In an age of of cheap tickets and airplanes, easy access to cars and and other modes of transportation, there is a natural tendency to always be on the move. I am not sure if my first flight, which ended with an engine on fire and a kid’s dream realized in sliding down the emergency slide, was a contrarian attractor but I was drawn to living a life of travel before I realized there was such a thing.
Through out my life, when there was an opportunity to be somewhere else, I took it. Hitchhiking to a wedding did not seem like a bit deal, although it was two thirds the way across the continental U.S. Before or since, I have never taken a risk this big, but heading out that dark night from Pendleton Oregon for Benton Harbor Michigan seemed as natural response to the invitation to my cousin’s wedding when I could not afford a bus ticket. Perhaps my enthusiasm for pursuing the unknown was too strong, I remember many details but not how much a bus ticket would have been as the safe option.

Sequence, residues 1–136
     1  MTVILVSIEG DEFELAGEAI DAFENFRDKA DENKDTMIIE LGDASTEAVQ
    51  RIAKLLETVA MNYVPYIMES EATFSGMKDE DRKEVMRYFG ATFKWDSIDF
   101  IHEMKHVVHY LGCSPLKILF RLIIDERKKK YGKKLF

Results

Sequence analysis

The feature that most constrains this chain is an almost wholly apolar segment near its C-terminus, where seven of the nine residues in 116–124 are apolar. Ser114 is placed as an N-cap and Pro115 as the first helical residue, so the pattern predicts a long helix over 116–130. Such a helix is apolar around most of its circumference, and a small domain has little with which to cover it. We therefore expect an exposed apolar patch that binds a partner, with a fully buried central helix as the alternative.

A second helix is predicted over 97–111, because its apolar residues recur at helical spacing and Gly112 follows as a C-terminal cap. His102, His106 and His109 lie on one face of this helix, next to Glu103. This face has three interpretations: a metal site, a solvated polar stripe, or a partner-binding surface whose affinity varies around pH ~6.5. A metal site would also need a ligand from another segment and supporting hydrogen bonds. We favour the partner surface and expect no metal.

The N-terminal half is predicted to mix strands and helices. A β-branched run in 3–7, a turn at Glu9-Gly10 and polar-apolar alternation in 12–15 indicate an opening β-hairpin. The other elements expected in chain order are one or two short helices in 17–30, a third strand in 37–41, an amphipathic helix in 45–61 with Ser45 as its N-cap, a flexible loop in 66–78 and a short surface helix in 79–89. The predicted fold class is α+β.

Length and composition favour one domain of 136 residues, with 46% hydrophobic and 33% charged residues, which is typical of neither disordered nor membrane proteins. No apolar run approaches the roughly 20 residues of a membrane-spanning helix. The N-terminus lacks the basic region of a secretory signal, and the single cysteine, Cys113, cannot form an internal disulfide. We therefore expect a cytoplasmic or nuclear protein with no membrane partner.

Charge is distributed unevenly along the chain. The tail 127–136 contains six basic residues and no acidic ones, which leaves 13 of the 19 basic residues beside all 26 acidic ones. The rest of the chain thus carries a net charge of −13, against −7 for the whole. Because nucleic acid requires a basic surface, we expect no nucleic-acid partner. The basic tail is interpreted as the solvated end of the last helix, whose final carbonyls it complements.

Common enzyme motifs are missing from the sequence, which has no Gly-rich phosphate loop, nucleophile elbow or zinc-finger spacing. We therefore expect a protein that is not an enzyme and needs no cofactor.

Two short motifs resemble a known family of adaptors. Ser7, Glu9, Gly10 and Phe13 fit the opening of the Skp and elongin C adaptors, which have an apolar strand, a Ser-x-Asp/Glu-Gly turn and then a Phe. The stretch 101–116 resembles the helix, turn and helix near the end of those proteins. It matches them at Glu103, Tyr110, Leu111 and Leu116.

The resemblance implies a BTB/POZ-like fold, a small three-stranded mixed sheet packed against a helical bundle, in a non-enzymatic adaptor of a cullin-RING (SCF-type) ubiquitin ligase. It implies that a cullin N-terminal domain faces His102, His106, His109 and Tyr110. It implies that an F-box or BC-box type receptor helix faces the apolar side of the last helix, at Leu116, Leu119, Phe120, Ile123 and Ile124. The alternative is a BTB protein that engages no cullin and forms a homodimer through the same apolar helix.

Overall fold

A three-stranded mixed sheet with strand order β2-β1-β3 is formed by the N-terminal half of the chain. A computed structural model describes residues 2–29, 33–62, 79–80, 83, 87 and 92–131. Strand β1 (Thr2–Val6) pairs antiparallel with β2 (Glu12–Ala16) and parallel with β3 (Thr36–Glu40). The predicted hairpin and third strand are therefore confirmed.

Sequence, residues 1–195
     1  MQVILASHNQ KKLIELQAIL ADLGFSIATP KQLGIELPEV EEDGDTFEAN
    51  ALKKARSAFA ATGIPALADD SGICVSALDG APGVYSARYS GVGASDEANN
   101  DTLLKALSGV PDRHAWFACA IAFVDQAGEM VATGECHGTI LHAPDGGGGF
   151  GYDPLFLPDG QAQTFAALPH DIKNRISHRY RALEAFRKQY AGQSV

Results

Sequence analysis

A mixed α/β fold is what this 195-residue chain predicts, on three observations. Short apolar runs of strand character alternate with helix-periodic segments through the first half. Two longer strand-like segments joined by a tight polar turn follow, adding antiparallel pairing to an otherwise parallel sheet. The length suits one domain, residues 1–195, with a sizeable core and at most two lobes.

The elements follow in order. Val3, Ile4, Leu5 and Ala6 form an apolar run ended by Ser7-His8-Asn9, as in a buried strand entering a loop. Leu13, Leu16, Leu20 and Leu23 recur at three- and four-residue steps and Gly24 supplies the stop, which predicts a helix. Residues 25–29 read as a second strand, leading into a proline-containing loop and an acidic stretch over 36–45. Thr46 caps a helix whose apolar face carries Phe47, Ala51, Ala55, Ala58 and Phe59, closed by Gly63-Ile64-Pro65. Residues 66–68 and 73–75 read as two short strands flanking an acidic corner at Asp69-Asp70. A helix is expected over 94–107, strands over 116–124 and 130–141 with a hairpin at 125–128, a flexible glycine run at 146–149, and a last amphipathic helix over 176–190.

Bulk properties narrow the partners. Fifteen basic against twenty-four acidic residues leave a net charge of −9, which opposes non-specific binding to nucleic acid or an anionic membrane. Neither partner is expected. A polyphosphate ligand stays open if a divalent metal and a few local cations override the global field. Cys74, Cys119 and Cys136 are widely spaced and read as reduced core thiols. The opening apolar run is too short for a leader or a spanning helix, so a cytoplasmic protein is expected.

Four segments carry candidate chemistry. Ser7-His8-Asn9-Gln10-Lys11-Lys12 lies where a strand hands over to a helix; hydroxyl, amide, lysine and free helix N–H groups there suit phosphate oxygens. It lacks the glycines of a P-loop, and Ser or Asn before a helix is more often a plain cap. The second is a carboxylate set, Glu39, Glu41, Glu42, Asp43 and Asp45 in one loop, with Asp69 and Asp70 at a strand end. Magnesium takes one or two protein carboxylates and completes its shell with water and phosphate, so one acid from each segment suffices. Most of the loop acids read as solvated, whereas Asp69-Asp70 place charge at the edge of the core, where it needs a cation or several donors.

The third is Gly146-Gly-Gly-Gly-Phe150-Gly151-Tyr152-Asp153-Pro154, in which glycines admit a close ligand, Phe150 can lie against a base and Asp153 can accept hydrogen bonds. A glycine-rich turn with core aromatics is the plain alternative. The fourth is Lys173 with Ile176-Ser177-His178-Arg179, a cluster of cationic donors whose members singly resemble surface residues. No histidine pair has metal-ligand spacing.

Metaphorically it never stopped. As comfortable as I became with strange cities, unknown hotels, and many different modes of transportation, the reality is that not everyone was always comfortable with my decision.
In a reflective moment I asked my daughter an open ended question, “Where do you want to live when you grow up?”
Without hesitation, “I want to live in a place where they know my name. I want to walk into the store and see people that I know. I want to be able to go downtown and run into old friends.”
If you asked me for what my heart desires, it would start with something similar. “I want to know a God who knows me. I want to be one of the chosen ones, where “God registers their names in his book: ‘This one, this one, and this one – born again, right here.’” (Psalm 87.6)”
My God knows your name and mine, inside and out.